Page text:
January-March 2011 (VOL. 4, No. 1) pp. 1-2
/11/$31.00 © 2011 IEEE
Published by the IEEE Computer Society
Published by the IEEE Computer Society
EIC Editorial: Application-Driven Management of Service Systems
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It is my great pleasure to welcome you to the first issue of the IEEE Transactions on Services Computing in 2011. In the services and software industry, Services Computing has become a foundational discipline for many emerging technologies such as cloud computing and social networking. Services Computing not only provides service-oriented frameworks for software and system architectures, but also provides new service delivery platforms as well as new patterns for service interactions among services providers and consumers in the value chain. In this issue, I am pleased to publish six research papers with a theme on Application-Driven Management of Service Systems, which deal with several aspects of management of services systems that include composition-based government applications, SLA monitoring, SLA negotiation, mobility-driven service composition in a mobile environment, service availability models, and universal identity management.
The first paper is entitled “Service-Centric Framework for a Digital Government Application” by Athman Bouguettaya, Qi Yu, Xumin Liu, and Zaki Malik. This paper gives a case study of a Websenior WSMS system on providing services to the senior citizens in a digital government web environment. The authors propose a composability model for web services, including composability rules as a model, binding, and message composability. The composition soundness concept and a matchmaking algorithm are proposed. The authors also propose to use the score function with exhaustive and greedy search methods to perform the service optimization.
The second paper, “Monitoring Service Systems from a Language-Action Perspective,” is contributed by William N. Robinson and Sandeep Purao. Monitoring is an important concern not only for business processes themselves, but also for the services that comprise these processes. The authors present a framework for multilevel monitoring of these service systems. This paper formalizes interaction protocols, policies, and commitments that account for standard and extended effects following the language-action perspective, and allows specification of goals and monitors at varied abstraction levels.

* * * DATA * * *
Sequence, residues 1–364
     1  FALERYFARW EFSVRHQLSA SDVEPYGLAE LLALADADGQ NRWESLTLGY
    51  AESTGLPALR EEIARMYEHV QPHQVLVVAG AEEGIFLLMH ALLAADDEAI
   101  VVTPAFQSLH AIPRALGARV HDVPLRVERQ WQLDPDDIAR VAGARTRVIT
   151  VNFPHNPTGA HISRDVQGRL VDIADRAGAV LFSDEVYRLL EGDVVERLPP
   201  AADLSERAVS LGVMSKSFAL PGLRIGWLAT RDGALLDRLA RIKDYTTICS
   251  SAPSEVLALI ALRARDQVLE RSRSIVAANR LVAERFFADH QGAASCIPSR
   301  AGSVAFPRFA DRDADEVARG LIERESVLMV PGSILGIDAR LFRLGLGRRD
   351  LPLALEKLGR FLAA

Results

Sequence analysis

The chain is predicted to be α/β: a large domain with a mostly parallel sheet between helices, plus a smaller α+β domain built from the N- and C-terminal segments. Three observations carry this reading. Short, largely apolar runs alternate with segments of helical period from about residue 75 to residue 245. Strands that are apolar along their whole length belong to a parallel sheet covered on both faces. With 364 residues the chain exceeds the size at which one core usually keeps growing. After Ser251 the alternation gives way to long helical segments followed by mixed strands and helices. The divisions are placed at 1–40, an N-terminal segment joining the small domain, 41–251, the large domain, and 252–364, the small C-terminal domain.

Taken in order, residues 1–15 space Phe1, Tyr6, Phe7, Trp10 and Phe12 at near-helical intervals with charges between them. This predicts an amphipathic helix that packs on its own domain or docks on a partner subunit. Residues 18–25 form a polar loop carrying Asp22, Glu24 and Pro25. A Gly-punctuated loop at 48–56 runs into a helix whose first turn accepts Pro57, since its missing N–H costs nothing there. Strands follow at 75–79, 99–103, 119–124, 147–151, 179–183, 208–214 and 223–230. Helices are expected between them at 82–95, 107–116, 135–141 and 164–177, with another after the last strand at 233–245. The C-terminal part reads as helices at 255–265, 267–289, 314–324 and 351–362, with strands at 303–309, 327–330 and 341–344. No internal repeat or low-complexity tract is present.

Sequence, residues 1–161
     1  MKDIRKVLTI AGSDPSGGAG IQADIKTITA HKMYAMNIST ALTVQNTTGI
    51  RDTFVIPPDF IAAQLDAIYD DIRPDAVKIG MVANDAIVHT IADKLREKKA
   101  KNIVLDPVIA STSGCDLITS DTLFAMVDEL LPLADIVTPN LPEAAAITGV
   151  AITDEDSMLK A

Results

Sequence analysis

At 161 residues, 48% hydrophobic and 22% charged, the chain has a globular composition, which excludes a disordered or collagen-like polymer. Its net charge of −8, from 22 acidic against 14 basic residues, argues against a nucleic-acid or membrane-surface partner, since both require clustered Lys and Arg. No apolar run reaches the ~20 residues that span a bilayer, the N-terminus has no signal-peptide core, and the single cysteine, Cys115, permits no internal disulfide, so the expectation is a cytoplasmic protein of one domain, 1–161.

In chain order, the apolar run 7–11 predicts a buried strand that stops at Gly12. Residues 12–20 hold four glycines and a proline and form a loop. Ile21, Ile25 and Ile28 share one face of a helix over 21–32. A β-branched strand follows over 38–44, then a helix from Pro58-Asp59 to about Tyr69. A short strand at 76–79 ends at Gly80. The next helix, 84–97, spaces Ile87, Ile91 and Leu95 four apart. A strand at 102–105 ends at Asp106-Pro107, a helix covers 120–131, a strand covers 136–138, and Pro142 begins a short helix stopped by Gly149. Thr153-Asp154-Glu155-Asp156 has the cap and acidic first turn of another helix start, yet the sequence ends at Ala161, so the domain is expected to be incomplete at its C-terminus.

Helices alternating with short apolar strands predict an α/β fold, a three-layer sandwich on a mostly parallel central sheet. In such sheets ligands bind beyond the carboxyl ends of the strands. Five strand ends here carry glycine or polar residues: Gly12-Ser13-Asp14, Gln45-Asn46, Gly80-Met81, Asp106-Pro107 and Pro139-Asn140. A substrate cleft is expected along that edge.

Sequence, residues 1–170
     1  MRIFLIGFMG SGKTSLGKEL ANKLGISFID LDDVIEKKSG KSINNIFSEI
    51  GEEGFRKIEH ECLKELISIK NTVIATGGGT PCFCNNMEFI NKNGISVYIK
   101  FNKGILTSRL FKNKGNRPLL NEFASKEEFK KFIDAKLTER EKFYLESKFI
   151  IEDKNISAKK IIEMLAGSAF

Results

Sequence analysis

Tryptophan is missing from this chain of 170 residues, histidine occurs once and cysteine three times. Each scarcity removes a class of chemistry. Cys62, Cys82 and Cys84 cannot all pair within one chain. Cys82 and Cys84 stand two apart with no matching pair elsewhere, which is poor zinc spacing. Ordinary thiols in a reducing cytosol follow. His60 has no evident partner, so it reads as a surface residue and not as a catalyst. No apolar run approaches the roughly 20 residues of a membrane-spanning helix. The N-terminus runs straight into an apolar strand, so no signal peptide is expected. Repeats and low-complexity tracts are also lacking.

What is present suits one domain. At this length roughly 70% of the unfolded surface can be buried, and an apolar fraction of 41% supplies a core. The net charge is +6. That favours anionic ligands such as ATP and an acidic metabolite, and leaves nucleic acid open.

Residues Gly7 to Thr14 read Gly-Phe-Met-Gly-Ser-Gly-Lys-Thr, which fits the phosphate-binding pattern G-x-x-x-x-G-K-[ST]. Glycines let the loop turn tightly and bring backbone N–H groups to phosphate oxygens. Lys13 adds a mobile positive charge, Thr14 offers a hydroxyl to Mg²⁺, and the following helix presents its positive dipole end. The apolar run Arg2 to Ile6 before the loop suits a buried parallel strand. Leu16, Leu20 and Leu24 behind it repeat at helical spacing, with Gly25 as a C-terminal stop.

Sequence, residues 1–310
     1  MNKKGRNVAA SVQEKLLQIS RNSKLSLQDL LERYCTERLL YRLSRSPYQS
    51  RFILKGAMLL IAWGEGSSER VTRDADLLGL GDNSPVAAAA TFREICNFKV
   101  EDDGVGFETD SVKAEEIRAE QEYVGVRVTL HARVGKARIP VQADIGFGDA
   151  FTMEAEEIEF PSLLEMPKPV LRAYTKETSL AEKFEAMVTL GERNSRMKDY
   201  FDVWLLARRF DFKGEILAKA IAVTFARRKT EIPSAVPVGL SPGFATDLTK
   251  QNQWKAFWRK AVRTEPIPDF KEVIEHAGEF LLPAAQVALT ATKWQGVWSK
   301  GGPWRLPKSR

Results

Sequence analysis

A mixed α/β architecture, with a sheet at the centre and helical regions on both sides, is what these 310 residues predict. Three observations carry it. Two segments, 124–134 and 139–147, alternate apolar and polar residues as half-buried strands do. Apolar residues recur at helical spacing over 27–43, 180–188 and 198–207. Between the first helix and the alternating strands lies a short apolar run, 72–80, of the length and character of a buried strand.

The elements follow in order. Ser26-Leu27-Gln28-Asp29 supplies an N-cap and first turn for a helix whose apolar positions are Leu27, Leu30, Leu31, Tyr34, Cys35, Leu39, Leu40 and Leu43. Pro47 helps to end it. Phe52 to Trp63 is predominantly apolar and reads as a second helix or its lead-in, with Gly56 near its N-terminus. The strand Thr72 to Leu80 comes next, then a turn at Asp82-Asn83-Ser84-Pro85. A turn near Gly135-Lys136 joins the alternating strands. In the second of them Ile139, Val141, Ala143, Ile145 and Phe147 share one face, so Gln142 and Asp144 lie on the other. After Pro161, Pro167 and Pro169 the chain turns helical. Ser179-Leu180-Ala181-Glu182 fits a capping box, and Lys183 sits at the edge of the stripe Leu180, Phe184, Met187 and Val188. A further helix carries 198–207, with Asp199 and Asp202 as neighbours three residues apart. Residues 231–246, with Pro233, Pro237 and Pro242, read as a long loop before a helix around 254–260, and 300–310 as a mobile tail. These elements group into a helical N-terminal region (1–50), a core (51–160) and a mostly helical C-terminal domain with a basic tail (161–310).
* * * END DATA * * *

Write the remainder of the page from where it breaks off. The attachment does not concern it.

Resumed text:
The third paper, “An Adaptive and Intelligent SLA Negotiation System for Web Services,” comes from Farhana H. Zulkernine and Patrick Martin. This paper proposes a Negotiation Broker (NB) framework which performs adaptive and intelligent bilateral bargaining of SLAs between a service provider a service consumer. The authors define mathematical models to map business level requirements to low level parameters of the decision function, which obscures the complexity of the system from the parties. They also introduce an algorithm for adapting the decision functions during an ongoing negotiation to comply with an opponent’s offers or with updated consumer preferences.
The fourth paper is entitled “Exploiting Mobility Prediction for Dependable Service Composition in Wireless Mobile Ad Hoc Networks” by Jianping Wang. This paper assumes that the service providers can predict their stay time and possible uncertainty in the current environment. This paper proposes two models to characterize the uncertainty, a probability-free model and a probabilistic model to design dependable service composition for these two models. Based on the formulation of the problems, this paper proves that the problems are NP-hard, then presents heuristic algorithms, derives the upper and lower bounds of the problems, and conducts computational experiments to study the effectiveness of the proposed heuristic algorithms.
The fifth paper, “Automatic Generation of Service Availability Models,” is contributed by Nikola Milanovic and Bratislav Milic. The authors present a systematic model-based methodology and a tool for service and business process availability assessment. The proposed method can automatically generate availability models based on the service/process description and technical infrastructure it is executing on. As a result, service level agreements can be tested/simulated or return on investment calculation can be performed, without the need for costly experiments and/or actual investments.
The last paper, “A Delegation Solution for Universal Identity Management in SOA,” is contributed by Yang Zhang and Jun-Liang Chen. The authors propose a practical delegation solution for universal identity management. Specifically, a pseudonym-based signature scheme is designed where pseudonyms are self-generated and unlinkable for realizing user’s privacy. Then, a proxy signature is presented with the pseudonyms as public keys where delegation can be achieved through certificate chains. The security of the proposed scheme is analyzed and proved in the random oracle model.
I hope you like this issue of TSC. I also want to encourage all of you to continuously contribute to TSC as authors, volunteers/reviewers, and promoters. Without the support from YOU, it is unlikely to run TSC in such a great success. I would like to send my special thanks to all the reviewers shown on the Reviewers List at the end of the current issue.
Liang-Jie (LJ) Zhang
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